In the coming decade, the United States has a unique opportunity to reverse its declining economic competitiveness. The American Recovery and Reinvestment Act of 2009, the stimulus package enacted by Congress in February 2009, included nearly $100 billion for education, the largest investment of its kind by the U.S. federal government in history. It also granted the secretary of education more than $5 billion in competitive discretionary funding -- more than the total of all such funding provided to the Department of Education since it was established 30 years ago. Discretionary monies fund programs such as Race to the Top, Investing in Innovation, and School Improvement Grants, which help boost K-12 student achievement and readiness for college and careers and help turn around the nation's lowest-performing schools. The Obama administration has also sought unprecedented funding for STEM education. The 2011 budget proposed investing $3.7 billion in federal STEM education programs, including $1 billion for improving math and science achievement among K-12 students -- a funding increase of over 40 percent.
Furthermore, Secretary Duncan wrote an op-ed in Monday’s Washington Post in which he appealed again to lawmakers in the new 112th Congress to come together to further these challenging educational rebuilding goals, stating:
The urgency for reform has never been greater. Today, American students trail many other nations in reading, math and science, and a quarter of them do not graduate high school on time. Many college students do not finish, despite the clear national need for more college-educated workers who can successfully compete in the global economy.
President Obama in 2009 set a national goal that America will once again lead the world in college completion by 2020. With our economic and national security at risk, this is a goal Republicans, Democrats and all Americans can unite behind.
So with a declining US educational system, a President who has prioritized its rebuild as a matter of national security among other things, and an Education Secretary who has been ferocious in pursing the goal, one would have to consider the for-profit educational institutions as being in a prime place to benefit. And many of them already have as enrollments have gone up and operating efficiencies have allowed for impressive operating profits.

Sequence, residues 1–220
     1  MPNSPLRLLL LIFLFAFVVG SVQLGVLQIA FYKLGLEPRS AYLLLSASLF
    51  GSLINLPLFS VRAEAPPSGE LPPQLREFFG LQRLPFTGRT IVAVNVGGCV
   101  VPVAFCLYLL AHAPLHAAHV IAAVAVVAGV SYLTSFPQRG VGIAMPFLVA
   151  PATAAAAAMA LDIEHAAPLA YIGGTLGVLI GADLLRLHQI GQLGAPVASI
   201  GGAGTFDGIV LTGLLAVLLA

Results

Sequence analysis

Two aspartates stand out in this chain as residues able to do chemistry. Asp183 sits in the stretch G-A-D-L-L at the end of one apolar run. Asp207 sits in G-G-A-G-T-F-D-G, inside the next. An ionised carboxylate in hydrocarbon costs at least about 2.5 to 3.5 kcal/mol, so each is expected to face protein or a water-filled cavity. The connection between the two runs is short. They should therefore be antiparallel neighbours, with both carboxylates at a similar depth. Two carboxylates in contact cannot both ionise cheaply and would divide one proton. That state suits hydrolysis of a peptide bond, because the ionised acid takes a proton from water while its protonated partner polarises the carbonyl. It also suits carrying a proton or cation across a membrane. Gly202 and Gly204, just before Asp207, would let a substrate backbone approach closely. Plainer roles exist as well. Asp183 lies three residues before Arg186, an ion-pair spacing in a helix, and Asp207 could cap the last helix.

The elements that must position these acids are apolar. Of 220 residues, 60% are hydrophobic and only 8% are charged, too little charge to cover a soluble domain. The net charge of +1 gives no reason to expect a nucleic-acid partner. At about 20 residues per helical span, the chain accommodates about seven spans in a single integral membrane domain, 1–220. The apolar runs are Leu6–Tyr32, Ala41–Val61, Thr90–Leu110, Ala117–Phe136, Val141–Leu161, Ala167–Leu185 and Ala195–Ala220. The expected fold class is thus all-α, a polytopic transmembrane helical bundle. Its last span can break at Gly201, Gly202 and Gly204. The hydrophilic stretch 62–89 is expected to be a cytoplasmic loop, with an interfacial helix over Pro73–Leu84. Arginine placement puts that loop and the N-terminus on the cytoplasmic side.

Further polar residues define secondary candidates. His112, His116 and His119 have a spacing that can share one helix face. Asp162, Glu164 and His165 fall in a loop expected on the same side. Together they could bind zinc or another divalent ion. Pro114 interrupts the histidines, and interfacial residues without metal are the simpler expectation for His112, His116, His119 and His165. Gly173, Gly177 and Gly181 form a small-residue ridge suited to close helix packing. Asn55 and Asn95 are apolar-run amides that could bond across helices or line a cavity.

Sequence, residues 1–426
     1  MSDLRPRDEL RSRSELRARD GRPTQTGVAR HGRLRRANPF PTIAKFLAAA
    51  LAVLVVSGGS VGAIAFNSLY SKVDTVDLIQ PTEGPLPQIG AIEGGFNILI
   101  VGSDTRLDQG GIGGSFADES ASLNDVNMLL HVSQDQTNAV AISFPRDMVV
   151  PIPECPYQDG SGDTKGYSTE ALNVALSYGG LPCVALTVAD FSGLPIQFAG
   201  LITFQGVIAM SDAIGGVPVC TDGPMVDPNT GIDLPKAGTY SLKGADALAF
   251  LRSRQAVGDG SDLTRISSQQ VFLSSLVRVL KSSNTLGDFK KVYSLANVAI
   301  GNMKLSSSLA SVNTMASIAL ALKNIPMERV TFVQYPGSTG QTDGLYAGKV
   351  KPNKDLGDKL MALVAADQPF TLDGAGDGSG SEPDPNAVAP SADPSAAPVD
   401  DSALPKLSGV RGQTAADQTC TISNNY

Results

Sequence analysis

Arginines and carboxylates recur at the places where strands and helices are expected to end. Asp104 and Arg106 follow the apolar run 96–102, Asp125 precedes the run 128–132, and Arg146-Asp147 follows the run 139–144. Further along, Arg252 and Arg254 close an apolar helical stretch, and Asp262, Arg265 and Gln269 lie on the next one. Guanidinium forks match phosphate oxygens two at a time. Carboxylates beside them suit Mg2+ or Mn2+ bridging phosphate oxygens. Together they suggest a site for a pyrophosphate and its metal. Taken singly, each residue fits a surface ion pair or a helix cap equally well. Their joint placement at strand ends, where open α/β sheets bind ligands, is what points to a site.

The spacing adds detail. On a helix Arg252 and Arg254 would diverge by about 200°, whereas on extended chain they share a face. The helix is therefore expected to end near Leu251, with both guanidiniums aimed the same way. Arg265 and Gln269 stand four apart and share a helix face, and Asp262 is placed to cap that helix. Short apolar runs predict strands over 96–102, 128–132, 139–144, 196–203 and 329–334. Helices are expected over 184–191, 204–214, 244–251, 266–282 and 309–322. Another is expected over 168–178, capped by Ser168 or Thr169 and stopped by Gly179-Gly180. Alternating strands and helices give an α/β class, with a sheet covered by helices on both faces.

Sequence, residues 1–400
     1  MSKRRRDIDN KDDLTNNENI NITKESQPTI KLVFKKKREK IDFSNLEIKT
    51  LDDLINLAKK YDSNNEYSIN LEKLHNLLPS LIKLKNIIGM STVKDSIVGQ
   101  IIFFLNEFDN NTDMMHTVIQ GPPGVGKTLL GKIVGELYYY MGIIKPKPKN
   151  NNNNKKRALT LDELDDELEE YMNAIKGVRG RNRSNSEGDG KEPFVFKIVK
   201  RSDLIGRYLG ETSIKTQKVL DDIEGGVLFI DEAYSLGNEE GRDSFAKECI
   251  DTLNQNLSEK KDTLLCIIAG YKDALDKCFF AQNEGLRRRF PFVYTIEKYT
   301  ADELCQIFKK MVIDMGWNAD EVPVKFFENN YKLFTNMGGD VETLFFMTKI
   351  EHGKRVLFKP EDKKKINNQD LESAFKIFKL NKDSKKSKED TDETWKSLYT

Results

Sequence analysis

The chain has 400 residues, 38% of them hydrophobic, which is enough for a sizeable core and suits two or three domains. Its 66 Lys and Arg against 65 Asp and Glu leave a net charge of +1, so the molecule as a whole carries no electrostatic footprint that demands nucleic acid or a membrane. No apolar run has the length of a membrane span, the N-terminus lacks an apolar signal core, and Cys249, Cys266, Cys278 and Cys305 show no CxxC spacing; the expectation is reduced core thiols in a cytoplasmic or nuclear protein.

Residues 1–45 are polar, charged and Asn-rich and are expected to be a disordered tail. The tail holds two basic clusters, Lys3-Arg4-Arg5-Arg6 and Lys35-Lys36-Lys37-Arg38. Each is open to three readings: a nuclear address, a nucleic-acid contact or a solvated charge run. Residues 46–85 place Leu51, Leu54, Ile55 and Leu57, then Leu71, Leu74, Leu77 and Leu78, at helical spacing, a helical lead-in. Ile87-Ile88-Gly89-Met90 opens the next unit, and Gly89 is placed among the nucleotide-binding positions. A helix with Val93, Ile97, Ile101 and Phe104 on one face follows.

So how strong of a brick wall can it be to have stopped this seemingly strong sector and to even augur for further fierce headwinds in coming months?
For one, the strongest brick in the bunch starts with the fact that much of the funding for students attending these institutions comes from US taxpayer money in the form of various Federal grants, most notably, Title IV grants. Critics argue, that wouldn’t be so bad if those who have borrowed the money actually benefited from the education that the money bought in the form of jobs that would allow them to repay those loans. Therein lies the issue. As CNBC reported on December 17, 2010:
A combination of low graduation rates and high loan default rates, along with questionable job placement numbers has raised concerns that the schools are abusing the system, merely collecting government funds, and delivering little in the way of a usable education.
A recent report from Education Trust, an influential Washington think tank, equated for-profit colleges to subprime lenders and accused the industry of "peddling access to the American dream but delivering little more than crippling debt."
Furthermore, last August, the GAO (General Accounting Office) issued a report on fifteen for-profit institutions in which they cited many of the schools for using misleading and fraudulent information in the admissions process. Clamoring for a close scrutiny into the industry has been getting louder and louder from various perches, including from the SEC, some State Attorneys General, and members of Congress. Many have gone so far as to say that the outstanding student loan problem is another US mortgage/housing crisis waiting to explode.
These are more than just your average, run-of-the-mill ‘headwinds’. These are serious risks to investing in this sector, despite the seemingly glowing opportunity that for-profit educational institutions face with the burgeoning demand for their services. The scale that weighs the balance of pros and cons of buying these stocks might very well be tipped in either direction by where this issue lies on the new Congress’ overall agenda. It seems likely that at a minimum, this industry will be taking a visit to the “principal’s office” in the form of answering to various authorities that are raising questions about performance. The coming months will be quite telling on that front. Until then, like a student whose behavior has been not quite up to snuff, these stocks may just be spending some time in the ‘detention room’.